Julius Caesar as a general.

Essay by KevvyHigh School, 12th gradeA+, July 2003

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Essay Two - Caesar

Julius Caesar is perhaps the most well known of ancient historical figures. In his life he gained recognition as a general, a politician and a reformer. Both ancient and modern historians have written widely on Caesar's achievements. Whilst there remains a constant in these works that attests to Caesar's ability as a general, it is his career as a politician that has been vigorously debated. Although Plutarch believed that Caesar "was admirably fitted by nature to make a great statesman and orator , others deem him to be "a monster of crime, with hardly a redeeming quality, deliberately sacrificing the liberties of his country to an inordinate ambition." The numerous reforms instituted by Caesar while he held positions such as dictator and consul helped establish the belief that, "As a reformer, Caesar, even among those whose acts have changed the world, stands out as one of the great men of all time."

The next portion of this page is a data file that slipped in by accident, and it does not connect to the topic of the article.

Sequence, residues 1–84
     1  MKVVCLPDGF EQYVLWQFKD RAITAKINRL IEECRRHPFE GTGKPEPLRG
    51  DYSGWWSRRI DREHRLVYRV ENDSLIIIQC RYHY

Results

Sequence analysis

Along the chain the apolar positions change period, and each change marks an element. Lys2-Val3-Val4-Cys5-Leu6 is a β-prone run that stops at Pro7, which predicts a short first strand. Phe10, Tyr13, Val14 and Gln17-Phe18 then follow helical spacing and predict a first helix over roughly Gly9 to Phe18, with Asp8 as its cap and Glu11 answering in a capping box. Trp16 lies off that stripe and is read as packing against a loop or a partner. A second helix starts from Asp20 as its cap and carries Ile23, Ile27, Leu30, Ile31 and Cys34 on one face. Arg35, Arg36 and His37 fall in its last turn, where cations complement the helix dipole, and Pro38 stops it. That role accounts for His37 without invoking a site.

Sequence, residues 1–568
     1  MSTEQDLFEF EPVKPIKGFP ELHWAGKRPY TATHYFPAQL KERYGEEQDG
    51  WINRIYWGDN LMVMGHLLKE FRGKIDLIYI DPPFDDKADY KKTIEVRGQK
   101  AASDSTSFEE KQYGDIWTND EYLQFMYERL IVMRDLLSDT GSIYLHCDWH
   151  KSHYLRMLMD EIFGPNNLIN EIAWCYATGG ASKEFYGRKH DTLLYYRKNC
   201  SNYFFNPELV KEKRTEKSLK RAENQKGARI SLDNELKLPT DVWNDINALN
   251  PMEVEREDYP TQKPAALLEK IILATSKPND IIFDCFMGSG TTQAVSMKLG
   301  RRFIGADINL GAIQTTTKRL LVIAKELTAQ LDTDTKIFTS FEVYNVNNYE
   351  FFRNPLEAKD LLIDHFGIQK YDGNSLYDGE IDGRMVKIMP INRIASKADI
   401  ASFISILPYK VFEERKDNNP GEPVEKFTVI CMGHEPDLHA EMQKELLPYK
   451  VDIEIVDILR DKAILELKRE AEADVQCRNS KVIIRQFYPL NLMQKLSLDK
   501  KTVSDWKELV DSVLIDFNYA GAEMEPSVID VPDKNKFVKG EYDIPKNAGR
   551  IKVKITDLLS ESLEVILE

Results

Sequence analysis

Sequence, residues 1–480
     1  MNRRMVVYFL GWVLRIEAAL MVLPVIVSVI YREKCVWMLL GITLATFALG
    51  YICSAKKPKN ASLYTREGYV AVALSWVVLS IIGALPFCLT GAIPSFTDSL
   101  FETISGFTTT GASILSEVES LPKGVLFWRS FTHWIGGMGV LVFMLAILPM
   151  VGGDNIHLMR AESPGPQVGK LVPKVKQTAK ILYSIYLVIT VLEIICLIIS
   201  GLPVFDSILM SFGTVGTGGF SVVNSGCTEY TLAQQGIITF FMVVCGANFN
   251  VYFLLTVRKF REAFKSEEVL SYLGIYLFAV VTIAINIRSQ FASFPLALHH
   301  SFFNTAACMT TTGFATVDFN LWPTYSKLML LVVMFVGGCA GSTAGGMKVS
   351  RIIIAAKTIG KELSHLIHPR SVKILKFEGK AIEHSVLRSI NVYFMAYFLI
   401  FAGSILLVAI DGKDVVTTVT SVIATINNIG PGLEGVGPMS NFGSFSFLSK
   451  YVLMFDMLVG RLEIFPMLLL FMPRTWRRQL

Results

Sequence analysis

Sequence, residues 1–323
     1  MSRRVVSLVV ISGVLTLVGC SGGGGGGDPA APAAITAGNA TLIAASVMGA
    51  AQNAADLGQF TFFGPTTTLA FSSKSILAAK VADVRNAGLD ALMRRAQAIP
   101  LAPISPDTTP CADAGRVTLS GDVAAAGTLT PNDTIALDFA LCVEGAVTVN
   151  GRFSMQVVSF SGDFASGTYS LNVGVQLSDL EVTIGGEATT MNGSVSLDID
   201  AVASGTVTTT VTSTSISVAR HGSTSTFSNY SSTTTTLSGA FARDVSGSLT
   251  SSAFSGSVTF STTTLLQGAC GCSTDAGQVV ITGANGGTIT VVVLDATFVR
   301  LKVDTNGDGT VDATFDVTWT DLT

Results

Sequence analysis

It is a widespread belief held by both modern and ancient historians that Caesar was "the greatest general Rome produced" . The ancient writer Gaius Suetonius Tranquillus, in his work The Twelve Caesars, in which he allocates 18 chapters to Caesar's military career, describes him "as a most skilful swordsman and horseman" . Suetonius praises Caesar's "leadership from the front" stating, "He always led his army, more often on foot than in the saddle, went bareheaded in sun and rain alike" . Suetonius does also acknowledge both Caesar's vigilance and audaciousness, writing that it was "disputable" which feature was more extraordinary when Caesar rode to war, "his caution or his daring" . Indeed, Suetonius attributes Caesar's success to his "careful reconnaissances" . However, Suetonius seems critical that, "Religious scruples never deterred him for a moment" , citing a situation where before a battle...